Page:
Worthing Museum & Art Gallery

Stories of Worthing

Worthing Museum and Art Gallery - A brief history

In 1905 Dr Henry Nicolls wanted space to display his extensive taxidermy collection of birds, which he had collected while travelling throughout Britain and the Empire. He persuaded Worthing Corporation to give him space in a room on Richmond Road.

 Alfred Cortis First Mayor of Worthing

(Alfred Cortis First Mayor of Worthing, Photograph Public Catalogue Foundation of WMAG Collection)

The collection continued to grow to include many curiosities and in 1906 after much pressure being brought to bear by Marion Frost, the first curator, the philanthropist Andrew Carnegie agreed to fund a much needed library building. The first Mayor of Worthing Alfred Cortis anonymously donated £12,000 to build a purpose built Museum which were to be built together. The gifted land and building was presented in 1908 to the assembled citizens of Worthing as an educational and cultural hub for the town.

From the first the collections grew significantly. In the years immediately following the First World War, a generation of Worthing's matrons had fewer daughters-in-law to whom they could pass on dresses and other personal items. Combined with the effect of Worthing as a favoured retirement location for the sons and daughters of the empire returning from service abroad, leading to an aging population, the result was that the costume and accessories collection particularly from the late Georgian and Victorian periods grew exponentially.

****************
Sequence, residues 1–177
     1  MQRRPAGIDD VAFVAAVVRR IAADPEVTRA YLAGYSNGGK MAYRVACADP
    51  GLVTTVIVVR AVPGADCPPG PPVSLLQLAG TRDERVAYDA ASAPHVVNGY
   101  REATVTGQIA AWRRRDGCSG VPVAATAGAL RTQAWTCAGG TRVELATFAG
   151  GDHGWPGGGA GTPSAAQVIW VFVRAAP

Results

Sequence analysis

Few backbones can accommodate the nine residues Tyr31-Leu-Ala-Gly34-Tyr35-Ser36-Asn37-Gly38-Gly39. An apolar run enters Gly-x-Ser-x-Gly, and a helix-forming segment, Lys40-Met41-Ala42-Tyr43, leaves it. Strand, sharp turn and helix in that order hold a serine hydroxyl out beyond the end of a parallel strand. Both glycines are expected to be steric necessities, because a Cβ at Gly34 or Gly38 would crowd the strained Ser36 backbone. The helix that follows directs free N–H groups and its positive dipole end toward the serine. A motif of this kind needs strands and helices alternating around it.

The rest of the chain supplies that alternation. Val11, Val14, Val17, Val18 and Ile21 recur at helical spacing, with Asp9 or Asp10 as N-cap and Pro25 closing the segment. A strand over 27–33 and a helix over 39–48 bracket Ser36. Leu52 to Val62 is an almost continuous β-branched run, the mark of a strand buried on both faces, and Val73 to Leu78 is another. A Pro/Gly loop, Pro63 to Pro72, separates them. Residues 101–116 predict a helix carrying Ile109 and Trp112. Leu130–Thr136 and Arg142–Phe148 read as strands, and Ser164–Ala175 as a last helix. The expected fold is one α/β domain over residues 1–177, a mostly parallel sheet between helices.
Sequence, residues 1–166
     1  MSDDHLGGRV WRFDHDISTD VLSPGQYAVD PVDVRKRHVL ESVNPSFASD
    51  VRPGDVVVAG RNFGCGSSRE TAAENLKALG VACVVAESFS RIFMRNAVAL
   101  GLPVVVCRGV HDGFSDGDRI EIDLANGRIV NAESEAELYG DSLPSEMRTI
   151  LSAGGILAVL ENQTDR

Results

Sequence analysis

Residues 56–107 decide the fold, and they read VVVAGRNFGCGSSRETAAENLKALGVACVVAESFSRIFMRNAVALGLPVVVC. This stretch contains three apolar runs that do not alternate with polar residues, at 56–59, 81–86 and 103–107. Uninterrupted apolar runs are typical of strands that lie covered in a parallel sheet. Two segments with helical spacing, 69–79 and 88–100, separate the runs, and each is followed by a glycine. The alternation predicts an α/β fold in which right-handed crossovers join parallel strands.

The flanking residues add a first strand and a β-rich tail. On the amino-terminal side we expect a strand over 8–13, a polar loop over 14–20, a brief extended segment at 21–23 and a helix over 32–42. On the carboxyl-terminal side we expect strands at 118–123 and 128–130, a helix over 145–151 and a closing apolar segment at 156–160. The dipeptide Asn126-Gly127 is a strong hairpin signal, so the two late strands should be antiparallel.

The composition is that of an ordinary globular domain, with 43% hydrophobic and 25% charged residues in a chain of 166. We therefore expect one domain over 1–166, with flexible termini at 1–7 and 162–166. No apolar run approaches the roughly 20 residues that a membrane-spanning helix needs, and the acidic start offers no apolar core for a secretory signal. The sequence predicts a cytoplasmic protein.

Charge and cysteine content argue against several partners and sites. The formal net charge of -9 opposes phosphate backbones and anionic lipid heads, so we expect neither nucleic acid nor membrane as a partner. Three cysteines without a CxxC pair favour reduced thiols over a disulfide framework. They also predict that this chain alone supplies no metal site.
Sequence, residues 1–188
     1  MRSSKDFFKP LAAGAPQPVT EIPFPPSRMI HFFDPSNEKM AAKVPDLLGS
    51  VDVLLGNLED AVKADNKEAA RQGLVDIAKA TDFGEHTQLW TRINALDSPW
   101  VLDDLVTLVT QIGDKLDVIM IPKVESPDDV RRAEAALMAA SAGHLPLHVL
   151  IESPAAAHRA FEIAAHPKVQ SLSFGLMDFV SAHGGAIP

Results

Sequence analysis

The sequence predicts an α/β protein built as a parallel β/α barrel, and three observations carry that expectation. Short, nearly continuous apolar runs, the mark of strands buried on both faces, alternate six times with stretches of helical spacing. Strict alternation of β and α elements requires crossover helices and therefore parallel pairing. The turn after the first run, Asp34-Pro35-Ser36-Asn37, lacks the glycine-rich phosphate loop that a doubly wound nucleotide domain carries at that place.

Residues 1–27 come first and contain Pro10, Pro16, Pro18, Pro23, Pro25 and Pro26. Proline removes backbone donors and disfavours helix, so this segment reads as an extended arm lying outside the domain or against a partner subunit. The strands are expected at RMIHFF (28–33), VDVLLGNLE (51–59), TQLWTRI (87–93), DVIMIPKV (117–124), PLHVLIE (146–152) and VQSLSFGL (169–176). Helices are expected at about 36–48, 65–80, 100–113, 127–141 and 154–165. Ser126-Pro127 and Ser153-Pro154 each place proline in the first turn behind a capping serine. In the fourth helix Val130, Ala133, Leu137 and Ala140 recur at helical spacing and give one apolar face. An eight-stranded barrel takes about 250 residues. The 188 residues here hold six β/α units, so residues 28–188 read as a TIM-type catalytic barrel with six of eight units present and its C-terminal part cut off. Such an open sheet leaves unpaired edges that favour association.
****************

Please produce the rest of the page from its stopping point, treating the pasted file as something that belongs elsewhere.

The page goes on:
The Worthing Archaeological Society, also set up by Marion Frost, was and is still extremely active. From the 1920's they worked with similar societies in across East and West Sussex to excavate many important sites. The result was that the artefacts are often spread between museums from Lewes, Brighton and Horsham. They also contributed a significant geological collection. In the 1930's the museum chose to exchange any archaeology it held which was not of Sussex origin and to restrict its future collecting to that specialism.

In the 1930's the Hargood family donated a large collection of artefacts relating to Admiral Hargood who served under Lord Nelson at Trafalgar including his Captain's Trafalgar Medal, sword, and a portrait of Lady Hamilton.
 The Hargood Medal (The Hargood Medal; Photograph James Pike)

Other art works including those by a founding member of the pre-Raphaelite brotherhood and the Camden Town Group were also gifted to the museum through numerous bequests and donations. 
 Bianca (Bianca by William Holman Hunt, WMAG Collection : Photograph by  Public Catalogue Foundation)

Barclays Wills set about documenting the lives of shepherds of the downlands and amassed artefacts relating not only to their work but their social lives, stories and songs.

Over time the museum has also documented both the civic and social history of the town and its communities through the family bibles, photographs, advertising literature and other printed materials, alongside toys, evidence of the working lives, shopping habits, and schools.